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How do I make compost if I have materials that are too high in nitrogen?

You can incorporate other “green” materials directly into the soil, store some of the materials in a freezer or sealed container, purchase peat moss to add to the materials, or as a last resort, sun-dry some of the materials to lower the nitrogen content. Your neighbor who is composting may be able to use some of this “green” material.

How should I compost if I have high carbon materials?

This problem often arises in the fall when leaf litter is abundant. If you have enough space, bag up some of this material and store it to use as a cover for food scraps that you will add over the winter, or for the spring and summer when “brown” material is harder to find. Leaf bags are often used as windbreaks for compost bins. You can also wet the leaves and store them in tightly sealed bags to begin decomposition. In the spring, add them to the compost. Mulching is another alternative, but be sure to shred the leaves, and again, your composting neighbor may be able to use your excess.

Finished Compost
When is the compost finished and safe to use?

When an active compost pile does not heat up again, and very little original material can be recognized (perhaps an eggshell or the old leaves), the compost can be used. It will be the rich brown color of good soil and will smell like forest floor humus.

Does it need to be sterilized or screened?

Compost does not need to be sterilized or screened if you are using it for the garden. To use it indoors, it should be passed through a colander or a quarter-inch screen and sterilized in an oven at 95°C (200°F) for one hour. You will probably want to sift the compost you use for the surface treatment as well.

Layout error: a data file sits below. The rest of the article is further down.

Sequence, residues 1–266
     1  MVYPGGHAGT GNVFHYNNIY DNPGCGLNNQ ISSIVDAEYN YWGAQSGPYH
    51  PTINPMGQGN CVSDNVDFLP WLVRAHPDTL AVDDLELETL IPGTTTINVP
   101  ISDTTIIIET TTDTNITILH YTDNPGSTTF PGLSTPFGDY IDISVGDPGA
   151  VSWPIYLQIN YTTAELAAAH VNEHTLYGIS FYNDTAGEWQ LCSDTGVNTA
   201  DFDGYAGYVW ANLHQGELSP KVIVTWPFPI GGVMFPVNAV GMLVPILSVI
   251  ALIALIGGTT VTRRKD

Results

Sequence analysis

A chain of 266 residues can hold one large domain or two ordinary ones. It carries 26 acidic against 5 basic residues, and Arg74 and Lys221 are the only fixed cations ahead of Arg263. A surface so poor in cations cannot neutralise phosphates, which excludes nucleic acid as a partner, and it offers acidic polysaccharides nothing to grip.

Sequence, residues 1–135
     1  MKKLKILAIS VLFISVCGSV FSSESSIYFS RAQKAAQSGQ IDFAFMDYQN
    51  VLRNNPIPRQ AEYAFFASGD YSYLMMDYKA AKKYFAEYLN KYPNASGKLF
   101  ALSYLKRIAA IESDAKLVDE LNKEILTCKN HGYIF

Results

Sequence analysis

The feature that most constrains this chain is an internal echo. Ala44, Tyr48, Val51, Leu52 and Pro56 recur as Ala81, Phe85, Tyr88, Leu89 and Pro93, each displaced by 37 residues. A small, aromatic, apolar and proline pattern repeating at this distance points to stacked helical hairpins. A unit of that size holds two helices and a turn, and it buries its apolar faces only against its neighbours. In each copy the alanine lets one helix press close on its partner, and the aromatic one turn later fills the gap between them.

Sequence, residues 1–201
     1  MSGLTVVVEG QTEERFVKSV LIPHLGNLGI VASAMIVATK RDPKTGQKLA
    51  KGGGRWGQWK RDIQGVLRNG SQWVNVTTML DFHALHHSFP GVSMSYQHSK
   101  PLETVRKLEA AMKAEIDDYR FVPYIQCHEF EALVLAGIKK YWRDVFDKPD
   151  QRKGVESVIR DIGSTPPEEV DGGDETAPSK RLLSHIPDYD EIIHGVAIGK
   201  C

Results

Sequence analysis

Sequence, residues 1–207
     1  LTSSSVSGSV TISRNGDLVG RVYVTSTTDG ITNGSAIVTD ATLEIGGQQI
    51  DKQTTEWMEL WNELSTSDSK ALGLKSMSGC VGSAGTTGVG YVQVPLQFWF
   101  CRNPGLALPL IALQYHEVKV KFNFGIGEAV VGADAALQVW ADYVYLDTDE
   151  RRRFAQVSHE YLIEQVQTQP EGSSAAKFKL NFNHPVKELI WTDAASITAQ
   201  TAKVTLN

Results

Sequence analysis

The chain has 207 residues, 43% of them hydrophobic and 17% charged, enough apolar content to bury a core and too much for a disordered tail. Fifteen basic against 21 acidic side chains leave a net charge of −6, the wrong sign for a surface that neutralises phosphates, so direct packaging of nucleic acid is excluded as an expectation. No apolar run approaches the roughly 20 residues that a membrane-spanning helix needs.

Do I need to fertilize if I use compost?

The nutritional value of compost depends on the materials that make it up, which is a very good reason to include as much variety as possible in the pile. If you are trying to enrich a garden with severely depleted soil, or growing plants such as peonies that require a lot of nutrients, you may want to add commercially produced organic fertilizers. Soil testing may be a good idea. For most gardens and flower beds, however, compost is a concentrated source of balanced nutrients, and a source of the organic matter that the soil needs to store those nutrients.

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What if I make too much compost?

This is a difficult situation to imagine! The soil can use all the organic matter you can provide, and you can apply compost at any time of the year. Put it in flower beds, layer it in the vegetable garden, or spread it under a tree to feed the roots. You can spread the well-screened compost on the lawn, or sterilize it and mix it with potting soil for houseplants. You can store compost in a bag or in a holding pen, as long as it is well protected from rain, wind and sun.


  • James Jones

    Meet James Jones, a passionate gardening writer whose words bloom with the wisdom of an experienced horticulturist. With a deep-rooted love for all things green, James has dedicated his life to sharing the art and science of gardening with the world. James's words have found their way into countless publications, and his gardening insights have inspired a new generation of green thumbs. His commitment to sustainability and environmental stewardship shines through in every article he crafts.